Repository Name: EconStor: OA server of the German National Library of Economics - Leibniz Information Centre for Economics
    Language: English
    Type: doc-type:workingPaper
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  • 6
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    Munich: Center for Economic Studies and Ifo Institute (CESifo)
    Publication Date: 2018-11-19
    Description: We use a new dataset on non-resource GDP to examine the impact of commodity price volatility on economic growth in a panel of up to 158 countries during the period 1970-2007. Our main finding is that commodity price volatility leads to a significant increase in non-resource GDP growth in democracies, but to no significant increase in autocracies. To explain this result, we show that increased commodity price volatility leads to a statistically significant and quantitatively large increase in net national saving in democracies. In autocracies, on the other hand, net national saving decreased significantly. Our results hold true when using indicators capturing the quality of economic institutions in lieu of indicators of political institutions.
    Keywords: D74 ; D63 ; F32 ; Q33 ; ddc:330 ; commodity prices ; volatility ; democracy ; economic growth
    Repository Name: EconStor: OA server of the German National Library of Economics - Leibniz Information Centre for Economics
    Language: English
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  • 7
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    Munich: Center for Economic Studies and Ifo Institute (CESifo)
    Publication Date: 2016-05-23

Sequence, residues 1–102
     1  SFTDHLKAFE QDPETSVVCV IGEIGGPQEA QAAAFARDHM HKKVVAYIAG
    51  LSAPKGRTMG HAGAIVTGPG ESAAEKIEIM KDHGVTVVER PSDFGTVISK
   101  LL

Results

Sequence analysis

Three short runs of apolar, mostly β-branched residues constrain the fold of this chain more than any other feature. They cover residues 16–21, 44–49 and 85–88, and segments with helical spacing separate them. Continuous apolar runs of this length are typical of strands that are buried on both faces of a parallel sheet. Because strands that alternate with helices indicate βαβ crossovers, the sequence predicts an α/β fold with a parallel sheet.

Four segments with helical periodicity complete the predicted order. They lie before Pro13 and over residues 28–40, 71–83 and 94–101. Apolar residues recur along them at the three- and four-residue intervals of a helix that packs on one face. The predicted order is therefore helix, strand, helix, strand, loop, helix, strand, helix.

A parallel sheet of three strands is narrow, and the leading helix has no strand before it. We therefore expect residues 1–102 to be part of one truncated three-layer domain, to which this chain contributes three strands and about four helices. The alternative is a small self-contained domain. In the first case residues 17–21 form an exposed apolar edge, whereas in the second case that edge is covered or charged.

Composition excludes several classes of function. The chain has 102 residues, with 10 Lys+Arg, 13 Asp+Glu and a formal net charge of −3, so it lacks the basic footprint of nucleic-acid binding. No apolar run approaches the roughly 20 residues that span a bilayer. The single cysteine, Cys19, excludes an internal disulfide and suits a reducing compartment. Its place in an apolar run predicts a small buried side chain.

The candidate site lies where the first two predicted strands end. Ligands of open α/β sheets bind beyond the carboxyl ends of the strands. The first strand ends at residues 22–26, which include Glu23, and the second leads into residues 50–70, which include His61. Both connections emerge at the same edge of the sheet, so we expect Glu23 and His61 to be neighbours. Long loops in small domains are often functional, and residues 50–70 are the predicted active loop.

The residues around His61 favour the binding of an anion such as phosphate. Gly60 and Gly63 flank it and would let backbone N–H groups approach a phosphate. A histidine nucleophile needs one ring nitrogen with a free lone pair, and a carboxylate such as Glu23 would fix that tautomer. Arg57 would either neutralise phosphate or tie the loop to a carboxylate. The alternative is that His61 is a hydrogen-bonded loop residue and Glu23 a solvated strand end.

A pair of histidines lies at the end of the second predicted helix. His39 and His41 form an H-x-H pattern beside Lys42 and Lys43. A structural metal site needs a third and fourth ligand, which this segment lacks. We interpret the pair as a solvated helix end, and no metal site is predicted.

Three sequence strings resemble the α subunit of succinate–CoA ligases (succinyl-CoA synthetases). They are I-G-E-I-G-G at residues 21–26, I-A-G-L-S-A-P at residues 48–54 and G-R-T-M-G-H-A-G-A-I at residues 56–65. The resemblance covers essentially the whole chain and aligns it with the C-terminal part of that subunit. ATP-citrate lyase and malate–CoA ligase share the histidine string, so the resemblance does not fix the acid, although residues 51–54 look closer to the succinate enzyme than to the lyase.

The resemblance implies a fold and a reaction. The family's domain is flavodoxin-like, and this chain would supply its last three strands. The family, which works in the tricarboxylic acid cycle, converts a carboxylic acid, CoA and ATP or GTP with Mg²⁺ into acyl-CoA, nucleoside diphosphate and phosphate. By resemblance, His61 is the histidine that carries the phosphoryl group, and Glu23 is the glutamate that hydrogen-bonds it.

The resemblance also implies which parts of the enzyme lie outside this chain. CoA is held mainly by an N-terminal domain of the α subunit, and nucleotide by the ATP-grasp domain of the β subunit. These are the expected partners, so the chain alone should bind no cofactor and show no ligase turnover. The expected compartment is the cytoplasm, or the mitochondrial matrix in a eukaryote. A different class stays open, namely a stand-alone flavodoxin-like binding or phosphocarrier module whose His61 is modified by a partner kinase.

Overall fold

Description: This paper reports recent events in Iceland where the political agents of oligarchs didn t even bother to try to influence, let alone contest, a national referendum on a new constitution because, if they didn t like the result, they would simply find ways to nullify the outcome ex post. The paper reviews and explains the making of Iceland's crowd-sourced constitution bill from 2009 to 2014, and also offers an explanation as to why the bill failed to be passed by Parliament, addressing various criticisms leveled against the bill along the way. It needs to be emphasized that these criticisms, whether well founded or not (and they are not), are irrelevant because Parliament held a national referendum on 20 October 2012 in which the bill and its key individual provisions were accepted by an overwhelming majority of the voters. A democratic nation cannot under any circumstances permit the outcome of national elections, let alone a constitutional referendum, to be fixed ex post, but this is what the Icelandic Parliament is at present trying to do, flirting with a farewell to democracy.